Thursday, March 18, 2010

Sabbath (pt 3)

Chapter 3 of Sabbath by Dan Allender investigates the issue of time and how it can be made holy. One important note brought out in this chapter is that Sabbath was given before the Fall and as a commandment to the Israelites. God takes Sabbath seriously. Why? One marvelous quote at the beginning of this chapter answers, “Sabbath is not merely an event that happens in time; it redefines the nature of time and how we are to live it.” To me that sums up why Sabbath is so important. It leads to a proper perspective on time.

To really get at what it means to practice this Sabbath keeping in a God-honoring way we must first look at what we believe about time. What are our preconceived notions about time? What does America think about time? Allender shares some stats here that aren’t too surprising when you consider how prideful we are about work in this country.
§ 1 out of 3 is chronically overworked.
§ More than half of white collar workers log more than 40 hours a week.
§ 75% of these white collar workers work on the weekends.
§ 37% of Americans take fewer than 7 days off per year.
§ Only 14% take vacation of two week or longer.
§ Americans take shortest paid vacations in the world.
§ 20% of those who do take vacations report to stay in touch with the office.

Are these stats due to faulty thinking of time? Most people think they need more time, can make more time, can steal time, and spend and use time. This chapter points out that time is actually beyond our reach and control. Sure we have watches and alarm clocks, but they don’t really control time, they just control us. Time is, “to be breathed like air.” A proper way to think of time is to look at it as a gift and to honor it. Then we can enter the Sabbath and see it as, “the day that bridges two great events in time; creation by God and the re-creation of the new heavens and earth by God.” Sabbath is a day to play. To have fun. To see something beautiful happening around you and just sit back in your recliner and watch it.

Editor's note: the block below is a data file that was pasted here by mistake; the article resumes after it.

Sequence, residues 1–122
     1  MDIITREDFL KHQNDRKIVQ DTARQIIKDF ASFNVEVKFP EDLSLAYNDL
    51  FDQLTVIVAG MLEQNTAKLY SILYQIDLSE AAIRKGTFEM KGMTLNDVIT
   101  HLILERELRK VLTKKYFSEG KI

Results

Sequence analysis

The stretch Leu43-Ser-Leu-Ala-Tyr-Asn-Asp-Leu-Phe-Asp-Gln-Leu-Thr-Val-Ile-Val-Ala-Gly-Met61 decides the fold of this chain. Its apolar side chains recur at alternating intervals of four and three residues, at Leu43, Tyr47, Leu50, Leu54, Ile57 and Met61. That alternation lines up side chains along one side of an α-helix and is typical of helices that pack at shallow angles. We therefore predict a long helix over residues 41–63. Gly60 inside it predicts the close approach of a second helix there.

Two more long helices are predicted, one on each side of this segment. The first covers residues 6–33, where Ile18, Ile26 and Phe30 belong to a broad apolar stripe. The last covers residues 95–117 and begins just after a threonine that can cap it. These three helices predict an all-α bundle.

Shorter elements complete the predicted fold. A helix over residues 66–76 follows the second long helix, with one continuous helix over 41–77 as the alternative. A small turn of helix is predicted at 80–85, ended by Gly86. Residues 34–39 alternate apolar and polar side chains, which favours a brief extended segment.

Entering into Sabbath requires three things: receiving the day, intending the day, and protecting the day. When we receive the day we prepare and anticipate her arrival. We are excited about what is to come. Intending the day means we do all the necessary preparations for our activities so we don’t have to work on the Sabbath. If we are going to eat stew we buy the ingredients the day before and put it in the crock pot to cook so we don’t have to do anything. Protecting the day means we do whatever we can to keep the day set apart as special. If we have to turn off our cell phones we turn them off. If we avoid TV we avoid TV. The point is to have a plan to make this day truly unique and different from the other six days of the week.

Any thoughts?


Nelsman said...

These are good thoughts to challenge a review of my own sabbath. I have kept Sundays as 'no work' days and yet these thoughts add a new dimension to the whole perspective regarding the day. Thanks!

Tim Sheets said...

Nelsman, hope you guys are enjoying a week or so of Sabbath down south!

This is a good book, it does challenge the notion that all we do on sabbath is sit around and read our bible. He urges us to do more, to play, and make our sabbath a truly unique and special day. I've been trying to think of ways to implement some of this info.

Still thinking.

Diann Hunt said...

Great post! A wonderful reminder of God's goodness to give us a day of play and relaxation. Thanks!